drew drives with safety in mind

By Staff Writer
drew drives with safety in mind

The world is made up of all different types of people. There are those who gravitate to the stage and have a desire to perform, a prospect that would mortify others. There are people with a proficiency and a passion for numbers, which some might find tedious.
And then there are people who will look at a job that to the average person looks intimidating with a frightening level of responsibility and say, hey, I think I can do that.
Meet Ronald Drew, bus driver for the Eastern Townships School Board for the past 25 years.
“We are reminded of the responsibility we have on the road every time we look in the mirror,” Drew said, “I believe every driver feels it.”
The Record hopped on Drew’s bus halfway through the ETSB’s annual bus safety campaign, “Did you see me?” to learn what it takes to be a school bus driver.
“If it has a motor, I like getting to know it and understanding how it works,” Drew said, explaining his motivation to become a bus driver.
One of the biggest challenges he faced after deciding to enter the profession was finding a bus to practice.
“You’re doing the road test, but you’re not totally comfortable,” he said, explaining that on his first drive, he had to travel down King Street in Sherbrooke.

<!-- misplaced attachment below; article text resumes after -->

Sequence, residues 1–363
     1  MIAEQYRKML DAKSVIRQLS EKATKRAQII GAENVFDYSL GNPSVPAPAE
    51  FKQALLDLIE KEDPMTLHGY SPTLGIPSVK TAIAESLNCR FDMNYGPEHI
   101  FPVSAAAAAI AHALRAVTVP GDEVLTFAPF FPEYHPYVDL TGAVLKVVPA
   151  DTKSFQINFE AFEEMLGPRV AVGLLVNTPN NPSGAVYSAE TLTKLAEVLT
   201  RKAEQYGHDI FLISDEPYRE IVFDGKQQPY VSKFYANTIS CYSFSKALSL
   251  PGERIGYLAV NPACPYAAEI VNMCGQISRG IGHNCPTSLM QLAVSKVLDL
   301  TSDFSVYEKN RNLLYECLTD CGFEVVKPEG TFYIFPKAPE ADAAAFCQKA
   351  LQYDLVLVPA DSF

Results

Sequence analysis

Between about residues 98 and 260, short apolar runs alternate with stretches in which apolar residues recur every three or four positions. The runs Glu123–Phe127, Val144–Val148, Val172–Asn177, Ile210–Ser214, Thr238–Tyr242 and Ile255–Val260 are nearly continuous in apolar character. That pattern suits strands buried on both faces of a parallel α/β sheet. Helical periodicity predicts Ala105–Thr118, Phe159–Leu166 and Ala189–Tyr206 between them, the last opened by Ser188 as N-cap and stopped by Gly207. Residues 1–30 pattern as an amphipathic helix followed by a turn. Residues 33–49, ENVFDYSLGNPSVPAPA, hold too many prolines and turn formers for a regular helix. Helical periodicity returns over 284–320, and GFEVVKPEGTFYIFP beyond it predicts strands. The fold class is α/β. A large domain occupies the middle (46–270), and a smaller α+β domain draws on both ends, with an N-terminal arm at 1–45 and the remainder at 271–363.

“These look pretty wide the first time you have to go through traffic.”
Drew also pointed out that new drivers very quickly learn the difference between an empty and a full bus.
The first time he had to brake suddenly was a big surprise for Drew.
“I was very fortunate,” he said, adding that in his 25 years of driving, he has never had an incident on the road. He later admitted to running out of gas in his early days. “It only happened once,” he laughed.
Drew drives around 325 kilometres per day. His bus, a 2015 model, was put on the road in September of 2014, and already has 83,000 km.
Before leaving the yard every morning, Drew has a 20-item check list to go through and fill out in detail, inspecting all the lights, mirrors and fluids. His bus also goes to the garage every 3,000 km for an inspection and safety verification.
Drew also has to do a refresher course every three years in order to maintain his right to drive.
“I have to say it’s a wake-up call even for myself,” he said, adding that he follows 98 percent of the safety protocols just because of routine.
“It’s good to remember.”
“The job’s getting better, there are creature comforts now,” Drew said, referring to his heated seat, the air suspension system, the automatic transmission, and the intercom system so that he never needs to yell.
Drew described busses when he first started driving as little more than trucks with seats.
Drivers are now given cell phones as well, so that they can call for help if there is a breakdown or problem.
Drew is also a big fan of the cameras, now equipped on busses.
According to Drew, some drivers interpret the cameras as a lack of trust.
Drew said he would rather have the camera than have to defend a decision where there was a discrepancy between what he reported and what was said at home. The cameras also capture audio, he added.